Single Tickets and Festival Passes (Special Pricing, See Below) Where Are Films Shown? Where Can I Park for free on Campus?
In the mid-60s big changes were afoot in the US, culturally, politically, and musically. Four rock music/concert films that explore these changes are being released in theaters this summer; we are hosting a micro-festival featuring all four films between July 26th and August 4th. Scroll down for dates, times and locations.
Aretha Franklin: AMAZING GRACE In 1972, having topped the pop charts with a series of hits, Aretha Franklin returned to her family’s gospel roots. She held two concerts of the most deeply moving spirituals at a Baptist church in Watts, a Los Angeles neighborhood still recovering from the riots six years earlier. Director Sydney Pollack was hired to document the shows, but he neglected to bring the clappers to mark the sound. As a result, the footage sat unused for more than 40 years. Just months after Franklin’s death, this film is finally being seen, and it’s a thrilling, unforgettable testament to her musical influences and legacy. The camera pans across the ecstatic audiences and then returns to Aretha’s soaring vocals. It makes for a raw, exalted performance, buoyed by the Southern California Community Choir and jubilant attendees taken over by the spirit. Amazing Grace captures a remarkable performer near the peak of her prodigious power. (87 min) WATCH THE TRAILER
Jimi Hendrix: ELECTRIC CHURCH Jimi Hendrix: Electric Church presents the legendary guitarist in full flight at the 1970 Atlanta Pop Festival before the largest US audience of his career, only two months before his death. This critically acclaimed film combines color, 16mm multi-camera footage of Hendrix’s Independence Day concert in its original performance sequence together with a new documentary that traces his journey to the festival amidst the dark shadow of civil rights unrest and the unrelenting toll of the Vietnam War. The audio soundtrack includes stereo and 5.1 surround sound mixes by Hendrix’s recording engineer Eddie Kramer, taken directly from the original master tapes.The organizers were keen to push back against the cultural divide that was very much in evidence in the Deep South. It was assumed that rural audiences would not take kindly to “long-hair” bands, and that black and white artists could not comfortably exist on the same bill; Atlanta Pop set out to challenge those beliefs. (89 min) WATCH THE TRAILER
ECHO IN THE CANYON Echo In The Canyon celebrates the explosion of popular music that came out of LA’s Laurel Canyon in the mid-60s as folk went electric and The Byrds, The Beach Boys, Buffalo Springfield and The Mamas and the Papas gave birth to the California Sound. It was a moment (1965 to 1967) when bands came to LA to emulate The Beatles and Laurel Canyon emerged as a hotbed of creativity and collaboration for a new generation of musicians who would soon put an indelible stamp on the history of American popular music.Featuring Jakob Dylan, the film explores the beginnings of the Laurel Canyon music scene. Dylan uncovers never-before-heard personal details behind the bands and their songs and how that music continues to inspire today. Echo in the Canyon contains candid conversations and performances with Brian Wilson, Ringo Starr, Michelle Phillips, Eric Clapton, Stephen Stills, David Crosby, Graham Nash, Roger McGuinn and Jackson Browne as well as contemporary musicians they influenced such as Tom Petty (in his very last film interview), Beck, Fiona Apple, Cat Power, Regina Spektor and Norah Jones. (82 min) WATCH THE TRAILER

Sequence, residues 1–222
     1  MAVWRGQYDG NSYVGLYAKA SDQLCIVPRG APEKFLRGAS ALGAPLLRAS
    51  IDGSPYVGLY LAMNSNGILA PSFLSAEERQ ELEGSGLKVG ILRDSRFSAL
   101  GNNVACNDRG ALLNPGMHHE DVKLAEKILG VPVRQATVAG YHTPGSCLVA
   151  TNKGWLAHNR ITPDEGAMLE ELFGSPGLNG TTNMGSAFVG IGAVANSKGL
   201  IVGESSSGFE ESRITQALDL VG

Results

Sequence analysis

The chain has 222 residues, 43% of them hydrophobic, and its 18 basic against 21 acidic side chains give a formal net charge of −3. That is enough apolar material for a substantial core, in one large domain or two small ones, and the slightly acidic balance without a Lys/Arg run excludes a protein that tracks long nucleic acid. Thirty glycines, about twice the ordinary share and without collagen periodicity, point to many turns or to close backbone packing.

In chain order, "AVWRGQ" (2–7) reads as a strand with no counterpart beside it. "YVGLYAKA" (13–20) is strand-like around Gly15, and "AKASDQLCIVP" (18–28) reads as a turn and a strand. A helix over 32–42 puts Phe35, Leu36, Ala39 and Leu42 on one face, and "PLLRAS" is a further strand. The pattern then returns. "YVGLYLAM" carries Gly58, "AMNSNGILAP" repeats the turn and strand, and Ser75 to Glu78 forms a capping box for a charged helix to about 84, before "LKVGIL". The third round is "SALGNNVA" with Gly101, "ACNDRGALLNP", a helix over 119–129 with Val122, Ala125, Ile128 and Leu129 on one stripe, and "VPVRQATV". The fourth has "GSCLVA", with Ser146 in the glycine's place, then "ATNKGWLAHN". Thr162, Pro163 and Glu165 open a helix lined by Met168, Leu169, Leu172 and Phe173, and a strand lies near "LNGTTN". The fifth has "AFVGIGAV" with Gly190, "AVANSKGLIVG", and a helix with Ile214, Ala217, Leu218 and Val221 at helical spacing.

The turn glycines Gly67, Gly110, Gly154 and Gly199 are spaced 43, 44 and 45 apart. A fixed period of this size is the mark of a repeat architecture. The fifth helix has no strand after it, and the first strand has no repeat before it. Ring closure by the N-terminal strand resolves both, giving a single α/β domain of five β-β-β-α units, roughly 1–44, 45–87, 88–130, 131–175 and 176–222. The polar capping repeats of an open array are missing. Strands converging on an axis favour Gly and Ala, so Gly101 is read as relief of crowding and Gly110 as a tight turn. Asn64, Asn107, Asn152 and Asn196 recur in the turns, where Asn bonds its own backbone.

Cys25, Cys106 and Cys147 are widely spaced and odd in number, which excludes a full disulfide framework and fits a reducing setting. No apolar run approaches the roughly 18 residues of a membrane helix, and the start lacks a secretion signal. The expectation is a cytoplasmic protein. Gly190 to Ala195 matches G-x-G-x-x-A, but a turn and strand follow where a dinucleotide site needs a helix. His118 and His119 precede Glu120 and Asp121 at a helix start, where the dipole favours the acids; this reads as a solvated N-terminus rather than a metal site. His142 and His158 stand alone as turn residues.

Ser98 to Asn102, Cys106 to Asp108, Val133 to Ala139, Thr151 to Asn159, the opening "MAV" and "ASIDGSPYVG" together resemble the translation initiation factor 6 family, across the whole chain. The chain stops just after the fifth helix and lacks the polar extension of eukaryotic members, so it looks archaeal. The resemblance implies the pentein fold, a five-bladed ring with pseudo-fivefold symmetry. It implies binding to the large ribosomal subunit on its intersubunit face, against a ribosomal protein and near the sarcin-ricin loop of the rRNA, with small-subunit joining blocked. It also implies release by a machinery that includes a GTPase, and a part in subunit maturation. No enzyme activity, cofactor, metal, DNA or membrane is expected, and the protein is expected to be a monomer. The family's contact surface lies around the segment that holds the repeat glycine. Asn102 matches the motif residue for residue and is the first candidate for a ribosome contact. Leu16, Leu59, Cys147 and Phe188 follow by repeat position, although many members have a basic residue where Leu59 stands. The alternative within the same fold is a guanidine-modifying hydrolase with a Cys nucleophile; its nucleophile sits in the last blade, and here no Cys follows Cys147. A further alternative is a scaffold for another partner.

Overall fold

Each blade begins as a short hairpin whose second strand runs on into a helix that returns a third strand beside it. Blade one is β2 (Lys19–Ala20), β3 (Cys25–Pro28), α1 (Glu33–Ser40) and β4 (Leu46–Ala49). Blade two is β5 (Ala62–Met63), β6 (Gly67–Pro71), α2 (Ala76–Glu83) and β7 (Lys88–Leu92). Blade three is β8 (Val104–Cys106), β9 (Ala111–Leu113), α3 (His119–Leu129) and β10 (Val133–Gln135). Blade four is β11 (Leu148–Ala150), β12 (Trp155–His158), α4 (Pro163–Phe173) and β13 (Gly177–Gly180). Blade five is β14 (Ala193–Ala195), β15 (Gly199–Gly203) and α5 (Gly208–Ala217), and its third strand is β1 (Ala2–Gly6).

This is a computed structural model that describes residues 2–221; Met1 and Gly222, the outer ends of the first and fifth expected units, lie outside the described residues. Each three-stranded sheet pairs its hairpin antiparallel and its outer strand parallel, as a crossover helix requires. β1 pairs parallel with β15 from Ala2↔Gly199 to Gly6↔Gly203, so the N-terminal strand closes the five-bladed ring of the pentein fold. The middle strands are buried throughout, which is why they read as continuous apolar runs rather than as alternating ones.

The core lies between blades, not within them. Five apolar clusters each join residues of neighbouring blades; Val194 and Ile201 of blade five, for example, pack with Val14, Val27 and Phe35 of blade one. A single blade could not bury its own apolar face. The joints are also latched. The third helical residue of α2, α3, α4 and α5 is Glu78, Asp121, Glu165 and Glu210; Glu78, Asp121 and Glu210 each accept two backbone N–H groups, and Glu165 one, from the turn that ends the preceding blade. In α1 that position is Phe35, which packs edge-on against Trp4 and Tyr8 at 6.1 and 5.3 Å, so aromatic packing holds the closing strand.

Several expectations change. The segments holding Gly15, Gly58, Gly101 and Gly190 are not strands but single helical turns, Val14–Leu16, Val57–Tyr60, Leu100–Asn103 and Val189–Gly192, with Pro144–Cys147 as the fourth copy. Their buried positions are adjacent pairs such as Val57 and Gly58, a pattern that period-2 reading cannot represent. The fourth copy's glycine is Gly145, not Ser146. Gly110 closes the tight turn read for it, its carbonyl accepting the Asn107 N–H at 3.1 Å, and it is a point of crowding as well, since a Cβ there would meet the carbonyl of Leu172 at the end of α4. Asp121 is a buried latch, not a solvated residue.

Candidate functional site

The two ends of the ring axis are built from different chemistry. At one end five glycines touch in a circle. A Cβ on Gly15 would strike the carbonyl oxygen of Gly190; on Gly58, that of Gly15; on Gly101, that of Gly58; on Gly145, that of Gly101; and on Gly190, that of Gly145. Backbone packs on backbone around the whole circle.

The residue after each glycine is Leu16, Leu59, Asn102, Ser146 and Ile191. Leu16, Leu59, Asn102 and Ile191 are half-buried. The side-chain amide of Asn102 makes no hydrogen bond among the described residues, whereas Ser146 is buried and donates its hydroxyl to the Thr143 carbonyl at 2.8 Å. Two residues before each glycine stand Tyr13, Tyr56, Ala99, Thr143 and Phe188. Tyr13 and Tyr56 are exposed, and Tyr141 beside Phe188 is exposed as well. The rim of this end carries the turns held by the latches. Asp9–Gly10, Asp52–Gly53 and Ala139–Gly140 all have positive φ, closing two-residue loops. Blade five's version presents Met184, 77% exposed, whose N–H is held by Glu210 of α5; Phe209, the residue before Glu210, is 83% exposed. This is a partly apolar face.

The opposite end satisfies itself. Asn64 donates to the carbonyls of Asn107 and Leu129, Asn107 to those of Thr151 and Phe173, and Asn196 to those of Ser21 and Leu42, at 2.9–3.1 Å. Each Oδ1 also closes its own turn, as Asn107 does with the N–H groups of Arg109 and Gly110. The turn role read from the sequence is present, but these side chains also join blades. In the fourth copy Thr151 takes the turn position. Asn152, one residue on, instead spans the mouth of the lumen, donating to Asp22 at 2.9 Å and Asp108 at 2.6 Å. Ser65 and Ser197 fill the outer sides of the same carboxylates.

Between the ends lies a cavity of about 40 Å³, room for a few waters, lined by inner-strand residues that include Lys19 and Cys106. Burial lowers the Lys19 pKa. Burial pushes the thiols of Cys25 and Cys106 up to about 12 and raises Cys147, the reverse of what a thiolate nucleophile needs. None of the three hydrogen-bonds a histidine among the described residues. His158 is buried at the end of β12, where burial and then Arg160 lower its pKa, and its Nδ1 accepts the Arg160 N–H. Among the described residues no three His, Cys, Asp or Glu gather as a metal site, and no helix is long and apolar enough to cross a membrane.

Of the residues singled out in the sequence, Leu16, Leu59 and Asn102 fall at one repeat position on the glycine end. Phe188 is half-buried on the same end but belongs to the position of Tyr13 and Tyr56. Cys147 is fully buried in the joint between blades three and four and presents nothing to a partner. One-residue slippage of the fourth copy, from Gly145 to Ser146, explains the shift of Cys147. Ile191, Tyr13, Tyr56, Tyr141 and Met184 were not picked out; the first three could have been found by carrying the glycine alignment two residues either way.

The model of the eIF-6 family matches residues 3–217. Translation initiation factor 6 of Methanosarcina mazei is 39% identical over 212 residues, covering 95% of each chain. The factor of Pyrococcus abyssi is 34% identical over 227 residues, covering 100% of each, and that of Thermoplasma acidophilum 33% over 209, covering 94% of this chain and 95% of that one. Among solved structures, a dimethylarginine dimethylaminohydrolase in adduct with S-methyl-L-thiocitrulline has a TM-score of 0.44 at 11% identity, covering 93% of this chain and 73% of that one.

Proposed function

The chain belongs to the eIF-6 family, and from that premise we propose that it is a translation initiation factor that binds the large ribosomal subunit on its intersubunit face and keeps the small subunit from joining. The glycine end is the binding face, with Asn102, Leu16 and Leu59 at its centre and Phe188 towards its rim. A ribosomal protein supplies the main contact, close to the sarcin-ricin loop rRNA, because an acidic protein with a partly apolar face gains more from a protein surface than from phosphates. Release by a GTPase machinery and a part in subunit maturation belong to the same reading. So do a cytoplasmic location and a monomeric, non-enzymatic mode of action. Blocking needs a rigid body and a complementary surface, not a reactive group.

BABYLON You’ve seen The Harder They Come, maybe you’ve seen Rockers, but you’ve never seen anything like Babylon. Franco Rosso’s incendiary film had its world premiere at Cannes in 1980 but went unreleased in the U.S. for “being too controversial, and likely to incite racial tension.” Raw and smoldering, it follows a young dancehall DJ (Brinsley Forde, frontman of landmark British reggae group Aswad) in South London as he pursues his musical ambitions, battling fiercely against the racism and xenophobia of employers, neighbors, police, and the National Front. Written by Martin Stellman (Quadrophenia) and shot by two-time Oscar winner Chris Menges (The Killing Fields) with beautifully smoky cinematography that has been compared to Taxi Driver, Babylon is fearless and unsentimental, yet tempered by the hazy bliss of the dancehall set to a blistering reggae soundtrack featuring Aswad, Johnny Clarke, Dennis Bovell, and more. (95 min) WATCH THE TRAILER
Tickets: Single Film: $8 Festival Pass (4 films) $15
Friday, August 2
Apollo 11 – 7pm IU Fine Arts Theater
High Life – 7:45 IU Global & International Theater
Jimi Hendrix: Electric Church – 8:45 IU Fine Arts Theater – Last Chance!
Saturday, August 3
High Life – 7:45 Global & International Theater
Echo in the Canyon – 4pm – IU Fine Arts Theater
Aretha Franklin: Amazing Grace – 6pm – IU Fine Arts Theater – Last Chance!
Apollo 11 – 8:15 – IU Fine Arts Theater – Last Chance!
Sunday, August 4 at Bear’s Place
Echo in the Canyon 5:15 – Last Chance!
Babylon 7:45 – Last Chance